I tweeted back that I grow my own, and make my own garlic powder, she responded: “Homemade garlic powder! That’s an entirely different story. Sounds fantastic, actually. Just a dehydrator? I want to try it.”

If you consider garlic powder as its own ingredient and not a substitute, the importance of freshness can be applied to it as well. Fresh garlic powder is indeed a different animal than stale garlic powder. To preserve its youth, large quantities should be stored in a cool, dry place, or even frozen, which you can’t do with fresh garlic. Perhaps in Julia’s time, fresh garlic powder was less available. Now with gourmet spice companies, which may soon be delivering their wares by drone, we have access to fresh spices like garlic powder. 

As for Julia, although she may in fact hate garlic powder, she’s earned the benefit of the doubt. Especially when taken literally, her quote states a fact that I actually agree with: garlic is indeed scorned and despised by many cooks. Francis Lam, a food writer and food reality show judge, summed it up the best in my opinion, Tweeting back: “awful substitute, possibly decent as its own thing.”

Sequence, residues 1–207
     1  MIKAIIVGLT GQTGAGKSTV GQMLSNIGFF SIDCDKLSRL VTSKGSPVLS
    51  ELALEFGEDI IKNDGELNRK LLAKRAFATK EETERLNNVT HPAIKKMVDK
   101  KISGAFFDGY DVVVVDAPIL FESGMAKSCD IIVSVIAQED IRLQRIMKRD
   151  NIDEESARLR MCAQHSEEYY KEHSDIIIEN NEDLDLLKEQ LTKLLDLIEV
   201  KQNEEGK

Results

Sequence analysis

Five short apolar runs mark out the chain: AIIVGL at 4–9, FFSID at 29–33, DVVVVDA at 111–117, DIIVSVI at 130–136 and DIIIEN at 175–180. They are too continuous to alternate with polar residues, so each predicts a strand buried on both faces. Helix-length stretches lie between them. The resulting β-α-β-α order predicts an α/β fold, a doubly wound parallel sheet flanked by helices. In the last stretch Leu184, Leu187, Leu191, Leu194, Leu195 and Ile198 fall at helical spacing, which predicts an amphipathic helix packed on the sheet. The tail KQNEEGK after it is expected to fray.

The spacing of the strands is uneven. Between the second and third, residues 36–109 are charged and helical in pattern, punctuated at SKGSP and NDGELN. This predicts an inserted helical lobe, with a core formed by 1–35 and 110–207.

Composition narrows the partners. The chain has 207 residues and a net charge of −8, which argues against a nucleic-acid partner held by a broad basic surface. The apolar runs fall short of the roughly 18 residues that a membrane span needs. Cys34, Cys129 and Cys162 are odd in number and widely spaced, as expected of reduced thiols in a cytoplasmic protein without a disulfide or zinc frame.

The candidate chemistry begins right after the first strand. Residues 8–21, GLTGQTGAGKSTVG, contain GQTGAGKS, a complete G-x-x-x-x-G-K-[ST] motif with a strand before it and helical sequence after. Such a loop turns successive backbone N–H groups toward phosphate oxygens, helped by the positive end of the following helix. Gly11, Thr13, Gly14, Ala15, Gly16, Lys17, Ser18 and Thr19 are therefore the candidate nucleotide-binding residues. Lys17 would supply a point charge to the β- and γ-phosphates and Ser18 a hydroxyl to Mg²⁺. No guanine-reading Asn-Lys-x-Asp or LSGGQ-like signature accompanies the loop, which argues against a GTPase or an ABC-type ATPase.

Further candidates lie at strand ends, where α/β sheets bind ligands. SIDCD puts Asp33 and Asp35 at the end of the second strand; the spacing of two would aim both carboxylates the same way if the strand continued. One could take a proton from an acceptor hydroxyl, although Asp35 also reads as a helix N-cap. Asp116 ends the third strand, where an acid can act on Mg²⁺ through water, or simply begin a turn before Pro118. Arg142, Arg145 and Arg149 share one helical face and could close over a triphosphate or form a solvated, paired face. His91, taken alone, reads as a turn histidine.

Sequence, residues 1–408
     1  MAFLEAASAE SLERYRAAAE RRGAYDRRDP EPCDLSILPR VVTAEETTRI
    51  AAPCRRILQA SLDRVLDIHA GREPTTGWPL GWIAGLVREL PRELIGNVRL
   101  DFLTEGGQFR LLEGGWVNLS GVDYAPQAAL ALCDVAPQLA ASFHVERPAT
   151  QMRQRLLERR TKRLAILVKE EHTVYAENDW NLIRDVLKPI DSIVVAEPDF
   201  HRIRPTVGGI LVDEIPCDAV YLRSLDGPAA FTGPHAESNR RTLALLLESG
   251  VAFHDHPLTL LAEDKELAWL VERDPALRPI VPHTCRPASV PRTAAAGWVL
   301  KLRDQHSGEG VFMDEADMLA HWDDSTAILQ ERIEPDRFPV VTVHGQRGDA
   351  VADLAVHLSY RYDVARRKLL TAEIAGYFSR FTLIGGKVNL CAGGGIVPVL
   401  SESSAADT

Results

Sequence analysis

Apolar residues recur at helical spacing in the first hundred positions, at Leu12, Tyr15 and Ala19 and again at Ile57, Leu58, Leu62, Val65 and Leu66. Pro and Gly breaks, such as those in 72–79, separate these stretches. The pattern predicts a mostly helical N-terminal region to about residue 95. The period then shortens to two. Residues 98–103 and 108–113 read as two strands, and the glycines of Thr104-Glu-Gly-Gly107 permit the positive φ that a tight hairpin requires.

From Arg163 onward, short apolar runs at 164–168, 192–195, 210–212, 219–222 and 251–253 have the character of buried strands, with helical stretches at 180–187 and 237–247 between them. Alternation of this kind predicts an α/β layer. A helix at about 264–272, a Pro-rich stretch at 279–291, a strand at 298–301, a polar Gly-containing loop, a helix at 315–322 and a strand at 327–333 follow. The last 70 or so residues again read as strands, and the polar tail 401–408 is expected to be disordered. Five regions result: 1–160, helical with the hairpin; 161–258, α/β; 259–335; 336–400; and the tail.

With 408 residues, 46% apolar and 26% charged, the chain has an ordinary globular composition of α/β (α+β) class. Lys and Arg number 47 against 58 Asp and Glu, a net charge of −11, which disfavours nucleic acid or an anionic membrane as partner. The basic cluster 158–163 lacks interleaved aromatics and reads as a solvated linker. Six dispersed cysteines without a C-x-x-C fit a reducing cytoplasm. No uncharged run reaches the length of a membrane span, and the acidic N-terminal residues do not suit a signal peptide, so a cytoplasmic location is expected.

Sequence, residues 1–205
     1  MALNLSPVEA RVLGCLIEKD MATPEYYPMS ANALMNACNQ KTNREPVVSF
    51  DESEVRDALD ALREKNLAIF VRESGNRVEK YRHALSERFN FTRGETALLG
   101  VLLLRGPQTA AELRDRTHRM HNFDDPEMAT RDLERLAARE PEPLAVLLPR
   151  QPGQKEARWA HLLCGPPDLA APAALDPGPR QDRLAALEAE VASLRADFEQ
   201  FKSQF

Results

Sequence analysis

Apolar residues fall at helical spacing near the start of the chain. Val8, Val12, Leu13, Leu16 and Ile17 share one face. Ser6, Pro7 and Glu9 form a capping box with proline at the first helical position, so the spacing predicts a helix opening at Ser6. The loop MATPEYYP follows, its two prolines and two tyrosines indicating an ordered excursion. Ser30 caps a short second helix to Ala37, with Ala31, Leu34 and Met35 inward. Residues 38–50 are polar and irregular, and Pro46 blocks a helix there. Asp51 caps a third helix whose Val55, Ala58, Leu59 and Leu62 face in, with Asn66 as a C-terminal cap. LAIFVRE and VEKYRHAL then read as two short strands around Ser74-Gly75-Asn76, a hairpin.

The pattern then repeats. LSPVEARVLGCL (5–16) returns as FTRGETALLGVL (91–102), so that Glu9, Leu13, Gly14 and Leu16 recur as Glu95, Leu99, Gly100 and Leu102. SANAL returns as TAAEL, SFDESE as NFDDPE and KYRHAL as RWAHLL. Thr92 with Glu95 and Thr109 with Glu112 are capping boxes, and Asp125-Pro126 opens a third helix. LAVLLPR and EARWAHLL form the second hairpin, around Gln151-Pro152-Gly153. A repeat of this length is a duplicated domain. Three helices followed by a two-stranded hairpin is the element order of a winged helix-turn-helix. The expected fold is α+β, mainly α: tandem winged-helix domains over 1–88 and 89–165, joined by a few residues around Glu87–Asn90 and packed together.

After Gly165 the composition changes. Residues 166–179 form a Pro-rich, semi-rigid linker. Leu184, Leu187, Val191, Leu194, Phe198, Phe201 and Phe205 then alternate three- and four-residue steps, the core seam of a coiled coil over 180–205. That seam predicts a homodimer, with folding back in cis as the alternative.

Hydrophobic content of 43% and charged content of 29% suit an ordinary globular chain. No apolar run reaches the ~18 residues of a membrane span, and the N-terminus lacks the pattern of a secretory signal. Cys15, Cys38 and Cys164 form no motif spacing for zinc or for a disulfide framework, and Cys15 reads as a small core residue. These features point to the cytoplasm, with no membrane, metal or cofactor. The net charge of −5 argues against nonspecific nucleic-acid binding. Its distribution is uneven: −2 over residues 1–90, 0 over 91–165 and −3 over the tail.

It’s important to remember here that garlic is a chameleon of the ingredient world. Even with fresh garlic, when it’s added to a meal, it makes a huge difference in the effect it has. Added early and allowed to cook, the bite of fresh garlic is replaced by sweetness and mild pungency. If added at the end of cooking, raw garlic contributes piercing fireworks. I often add fresh garlic at both the beginning and end, and sprinkle on the powdered garlic in the middle.

Unlike the dominating flavor of fresh garlic, powder is more of a behind-the-scenes ingredient, adding a subtle fullness of flavor that may be more difficult to detect than with fresh, but nonetheless making the meal taste better. I consider garlic powder like a (somewhat) less controversial version of MSG. Perhaps you can’t detect it specifically, but in a side-by-side comparison, the otherwise identical dish with added garlic powder will win.